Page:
Definition of physical (or concrete) system

A physical or concrete system is a system that has a concrete, tangible and perceptible existence. It is one of the two possible classes of system according to its constitution or nature.

If a system is not classified as physical then it is classified as an abstract or conceptual system.

A physical or concrete system is composed of tangible and perceptible elements: they are the component parts of the system that function/interact with each other with a common goal. Some of these components can also be systems, in these cases they are subsystems of the main system under study.

The boundary or system boundary in the case of physical systems is generally easier to define because it is physically palpable.

examples of physical systems

They are physical or concrete systems: a computer, a human, the Earth, the planetary system.

A fan is a physical system, it has its specific component parts such as protection grille, blades, shaft, support foot, motor, control knob, etc.

Physical systems and abstract systems

Physical and abstract systems often work hand in hand, since a physical system needs an abstract subsystem to function.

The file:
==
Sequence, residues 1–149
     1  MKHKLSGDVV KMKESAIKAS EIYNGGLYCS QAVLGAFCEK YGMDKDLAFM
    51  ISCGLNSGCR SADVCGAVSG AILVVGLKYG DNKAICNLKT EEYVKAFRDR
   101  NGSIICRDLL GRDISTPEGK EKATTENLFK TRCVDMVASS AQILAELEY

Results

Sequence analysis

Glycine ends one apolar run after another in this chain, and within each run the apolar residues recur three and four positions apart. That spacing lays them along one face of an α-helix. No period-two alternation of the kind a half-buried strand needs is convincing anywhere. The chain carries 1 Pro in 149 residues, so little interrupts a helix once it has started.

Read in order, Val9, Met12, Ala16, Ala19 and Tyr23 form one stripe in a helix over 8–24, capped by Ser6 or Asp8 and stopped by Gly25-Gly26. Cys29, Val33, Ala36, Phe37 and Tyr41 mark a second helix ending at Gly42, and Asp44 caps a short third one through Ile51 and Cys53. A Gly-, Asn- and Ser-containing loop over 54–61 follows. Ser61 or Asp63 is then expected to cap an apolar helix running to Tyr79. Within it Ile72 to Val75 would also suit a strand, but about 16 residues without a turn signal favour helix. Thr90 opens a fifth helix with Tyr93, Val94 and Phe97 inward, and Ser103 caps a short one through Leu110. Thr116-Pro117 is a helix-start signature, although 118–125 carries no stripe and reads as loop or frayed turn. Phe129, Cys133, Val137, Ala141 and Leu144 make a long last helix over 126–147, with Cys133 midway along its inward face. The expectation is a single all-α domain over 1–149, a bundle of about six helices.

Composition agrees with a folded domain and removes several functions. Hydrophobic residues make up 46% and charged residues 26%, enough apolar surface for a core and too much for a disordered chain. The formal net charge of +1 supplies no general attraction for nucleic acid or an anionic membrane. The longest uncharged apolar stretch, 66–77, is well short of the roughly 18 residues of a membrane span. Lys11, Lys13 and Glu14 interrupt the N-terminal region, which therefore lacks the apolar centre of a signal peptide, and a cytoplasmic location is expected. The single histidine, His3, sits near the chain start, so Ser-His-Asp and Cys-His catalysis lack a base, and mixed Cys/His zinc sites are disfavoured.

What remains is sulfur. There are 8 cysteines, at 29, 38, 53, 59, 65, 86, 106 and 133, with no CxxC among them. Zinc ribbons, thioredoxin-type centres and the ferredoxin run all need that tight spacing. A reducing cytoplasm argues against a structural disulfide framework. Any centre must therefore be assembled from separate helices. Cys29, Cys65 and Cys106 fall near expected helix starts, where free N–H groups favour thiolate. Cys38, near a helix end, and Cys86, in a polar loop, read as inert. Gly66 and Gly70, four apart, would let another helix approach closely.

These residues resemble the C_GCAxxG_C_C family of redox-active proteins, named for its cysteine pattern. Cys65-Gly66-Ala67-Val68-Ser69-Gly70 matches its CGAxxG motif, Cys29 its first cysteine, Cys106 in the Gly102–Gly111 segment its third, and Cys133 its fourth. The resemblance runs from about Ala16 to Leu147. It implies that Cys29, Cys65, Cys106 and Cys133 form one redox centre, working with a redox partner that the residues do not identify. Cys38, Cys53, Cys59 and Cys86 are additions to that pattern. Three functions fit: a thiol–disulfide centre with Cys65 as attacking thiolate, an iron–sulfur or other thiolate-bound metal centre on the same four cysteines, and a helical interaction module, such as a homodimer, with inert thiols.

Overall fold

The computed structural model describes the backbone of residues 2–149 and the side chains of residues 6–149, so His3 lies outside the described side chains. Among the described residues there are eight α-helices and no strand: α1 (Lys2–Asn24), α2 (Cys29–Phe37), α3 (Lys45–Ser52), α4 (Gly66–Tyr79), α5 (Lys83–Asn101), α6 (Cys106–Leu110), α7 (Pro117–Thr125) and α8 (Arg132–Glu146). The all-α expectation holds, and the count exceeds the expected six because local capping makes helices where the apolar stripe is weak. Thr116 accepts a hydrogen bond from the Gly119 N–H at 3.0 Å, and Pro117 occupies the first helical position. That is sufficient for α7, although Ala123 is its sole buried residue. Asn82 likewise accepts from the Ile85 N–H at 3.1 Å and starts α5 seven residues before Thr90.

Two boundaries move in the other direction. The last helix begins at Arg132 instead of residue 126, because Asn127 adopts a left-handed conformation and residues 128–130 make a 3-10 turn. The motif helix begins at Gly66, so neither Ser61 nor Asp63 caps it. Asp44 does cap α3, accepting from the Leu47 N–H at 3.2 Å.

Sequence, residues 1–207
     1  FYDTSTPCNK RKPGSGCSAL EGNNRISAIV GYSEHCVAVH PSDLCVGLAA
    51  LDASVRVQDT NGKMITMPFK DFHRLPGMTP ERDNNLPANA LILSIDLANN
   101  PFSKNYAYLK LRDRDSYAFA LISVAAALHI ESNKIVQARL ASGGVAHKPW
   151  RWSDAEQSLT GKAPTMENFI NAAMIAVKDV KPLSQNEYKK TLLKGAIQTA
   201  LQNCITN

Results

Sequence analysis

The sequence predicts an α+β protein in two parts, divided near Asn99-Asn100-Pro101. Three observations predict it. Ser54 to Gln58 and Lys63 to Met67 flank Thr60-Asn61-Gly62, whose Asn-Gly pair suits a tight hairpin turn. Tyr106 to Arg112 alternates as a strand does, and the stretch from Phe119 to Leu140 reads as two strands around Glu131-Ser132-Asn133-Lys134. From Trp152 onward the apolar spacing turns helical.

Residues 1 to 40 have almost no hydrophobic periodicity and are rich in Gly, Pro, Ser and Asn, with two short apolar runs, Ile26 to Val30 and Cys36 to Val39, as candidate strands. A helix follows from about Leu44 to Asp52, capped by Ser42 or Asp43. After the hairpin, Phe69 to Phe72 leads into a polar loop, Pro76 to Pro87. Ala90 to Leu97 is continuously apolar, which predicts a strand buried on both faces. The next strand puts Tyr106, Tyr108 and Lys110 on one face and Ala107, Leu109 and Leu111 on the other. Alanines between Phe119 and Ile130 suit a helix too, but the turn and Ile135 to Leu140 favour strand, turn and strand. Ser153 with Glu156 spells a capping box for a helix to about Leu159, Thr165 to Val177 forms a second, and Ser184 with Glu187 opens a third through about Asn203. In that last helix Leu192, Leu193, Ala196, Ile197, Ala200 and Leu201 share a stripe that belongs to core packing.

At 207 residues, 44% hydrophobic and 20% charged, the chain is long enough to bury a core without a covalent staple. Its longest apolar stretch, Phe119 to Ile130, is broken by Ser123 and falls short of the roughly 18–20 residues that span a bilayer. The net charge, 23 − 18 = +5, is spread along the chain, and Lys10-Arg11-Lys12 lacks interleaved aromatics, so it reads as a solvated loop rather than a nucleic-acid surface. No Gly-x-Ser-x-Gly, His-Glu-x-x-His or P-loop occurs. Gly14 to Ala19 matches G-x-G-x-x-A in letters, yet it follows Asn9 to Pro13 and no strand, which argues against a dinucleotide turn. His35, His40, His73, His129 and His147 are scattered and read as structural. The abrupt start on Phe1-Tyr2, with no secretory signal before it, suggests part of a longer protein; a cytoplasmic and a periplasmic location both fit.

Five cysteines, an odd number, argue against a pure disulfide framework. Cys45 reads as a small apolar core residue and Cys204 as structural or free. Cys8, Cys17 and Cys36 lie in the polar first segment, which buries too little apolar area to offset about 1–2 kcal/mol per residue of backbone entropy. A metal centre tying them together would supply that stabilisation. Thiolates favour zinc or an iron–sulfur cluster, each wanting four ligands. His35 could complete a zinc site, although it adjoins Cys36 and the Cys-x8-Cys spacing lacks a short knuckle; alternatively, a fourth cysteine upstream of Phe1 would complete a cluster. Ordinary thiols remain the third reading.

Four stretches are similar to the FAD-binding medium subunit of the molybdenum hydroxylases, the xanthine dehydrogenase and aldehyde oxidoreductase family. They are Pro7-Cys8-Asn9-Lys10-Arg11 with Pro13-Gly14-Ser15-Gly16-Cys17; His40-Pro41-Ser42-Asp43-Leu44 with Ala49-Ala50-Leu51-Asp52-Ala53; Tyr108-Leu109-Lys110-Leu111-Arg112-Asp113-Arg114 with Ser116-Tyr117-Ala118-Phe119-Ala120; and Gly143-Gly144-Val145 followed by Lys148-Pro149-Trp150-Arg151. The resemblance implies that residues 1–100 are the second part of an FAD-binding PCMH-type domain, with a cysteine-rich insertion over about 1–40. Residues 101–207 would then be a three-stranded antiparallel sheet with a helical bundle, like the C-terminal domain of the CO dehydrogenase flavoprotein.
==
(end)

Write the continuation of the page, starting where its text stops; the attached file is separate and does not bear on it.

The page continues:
When studying a system, it is decided which is the main system to be studied. The main system is classified as physical or abstract, then by studying its parts or components, the abstract subsystem or the physical subsystem is discovered, as the case may be, which allows it to function.

For example, a computer is our main study system and we classify it as a physical system, but it requires an (abstract) software subsystem to function.

An operating system (such as Windows or Android) is an abstract system and can be studied as such. It does not have a physical subsystem, but it must function as a subsystem of a higher physical system that contains it (a suprasystem), such as a computer or a cell phone, for it to work and make sense.

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